Mental Health Awareness: Male Depression and Suicide

Hopefully most people reading this will know that the 14th-20th May was the National Mental Health Awareness Week. This rolled around at a time very close to some emotive and thought-provoking suicide awareness in the media, particularly orchestrated by ITV. Coronation Street fans recently watched helplessly as Aidan Connor took his own life, a tragic turn totally unanticipated by his family. However, as the story begins to unfold, the gradual progression of his mental decline becomes clear to both his family and the viewers.

This is just one example of the incredible work ITV has poured into preventing and educating the population about suicide, particularly in males. In March, we were stunned by the poignant, 84 statues positioned upon the roof of This Morning’s studios, representing the approximate 84 men who take their own lives every week in the UK.

As a population, I am deeply proud of how far we’ve come in terms of awareness of mental health disorders; normalising them and relieving the weight of previously heavy stigmas attached to terms like ‘depression’ and ‘suicidal thoughts’. I am amazed by the recent outpouring tales of celebrities’ struggles and the bravery of people worldwide in discussing their personal battles to raise awareness of different conditions.

In spite of this, in my opinion, there is a large gap in representation and coverage of males suffering from mental illness. To illustrate this, I was shocked to learn that male rates of suicide were three times higher than females in the UK during 2015 and were five times higher than female suicides in the Republic of Ireland in the same year.

To put this in more figuratively, in 2015 there were 6, 639 suicides in total across the UK and Republic of Ireland, which included 4, 997 males and 1, 642 females. This makes it all the more chilling to me, that most of what we hear about mental health appears to be centred around a female perspective.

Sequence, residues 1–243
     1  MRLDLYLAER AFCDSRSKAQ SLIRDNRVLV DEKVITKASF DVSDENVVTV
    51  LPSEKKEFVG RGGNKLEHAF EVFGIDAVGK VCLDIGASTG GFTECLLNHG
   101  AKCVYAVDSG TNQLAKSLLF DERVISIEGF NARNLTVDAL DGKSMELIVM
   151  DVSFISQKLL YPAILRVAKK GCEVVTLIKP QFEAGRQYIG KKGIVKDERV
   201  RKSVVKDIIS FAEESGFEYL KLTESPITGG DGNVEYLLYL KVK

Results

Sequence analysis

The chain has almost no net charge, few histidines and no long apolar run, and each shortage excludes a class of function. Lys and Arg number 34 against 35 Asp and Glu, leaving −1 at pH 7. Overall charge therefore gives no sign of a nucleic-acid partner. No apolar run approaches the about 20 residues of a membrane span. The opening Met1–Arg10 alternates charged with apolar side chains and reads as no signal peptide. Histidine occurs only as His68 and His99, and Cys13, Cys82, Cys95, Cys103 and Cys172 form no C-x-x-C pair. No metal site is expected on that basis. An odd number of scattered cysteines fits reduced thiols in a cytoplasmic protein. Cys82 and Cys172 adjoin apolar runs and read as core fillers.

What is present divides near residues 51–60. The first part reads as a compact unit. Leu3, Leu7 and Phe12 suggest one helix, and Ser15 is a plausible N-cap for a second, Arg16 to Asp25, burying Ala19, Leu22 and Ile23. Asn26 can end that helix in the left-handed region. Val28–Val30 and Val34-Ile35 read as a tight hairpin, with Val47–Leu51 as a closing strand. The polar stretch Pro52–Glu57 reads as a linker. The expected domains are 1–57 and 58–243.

I wouldn’t like to be misunderstood, suicide and mental health awareness of any kind is hugely instrumental in combatting and preventing the long term and permanent effects of illnesses such as depression. I simply think that the coverage of male experiences needs to improve. Suicide and mental illness can affect anyone of any age, gender, religion, culture or economic status, and awareness can save lives.

A couple of things said by Shayne Ward (Aidan Connor in Coronation Street) on Loose Women really stood out for me and sum up some of the issues concerning this topic:

 “I knew that it was something that us men didn’t talk about because it is that taboo, it is that stigma of we’re manly, we’re full of pride, we’ve got all the answers, we’ve got everything figured out and we actually haven’t.”

For me, this reflects my external view on the subject entirely. The view of men which some parts of society hold, leaves males who are suffering, feeling silenced by a forced burden of “masculinity” and “pride”. Perhaps, the rates for females are lower because they lack these stigmas attached to men with regard to mental illness, meaning they speak of their internal struggles more freely. I hope that’s something we can start to change.

If you are suffering, or know someone who is, please consider contacting some of the following help lines:

Samaritans     116 123 (Open 24/7)

Campaign Against Living Miserably (CALM) – for men - 0800 58 58 58 (5pm-midnight every day)

Papyrus – for people under 35 - 0800 068 41 41 (Monday-Friday 10am-10pm, weekends 2pm-10pm)

Childline – for children and under 19s - 0800 1111

The Silver Line – for older people - 0800 4 70 80 90

If you are a student you can also contact your University Counselling Service.


Disclaimer - The ideas conveyed in this article represent my own opinions and not those of Her Campus. This article was theorised and written with the aim of raising awareness for mental health conditions and suicide particularly in males. The content was not written with the aim of disregarding the experiences of females, it was written to highlight and discuss the gap in male experiences of mental illness represented in the media and the stigmas attached to mental illness in men.


Edited by Angelica Beier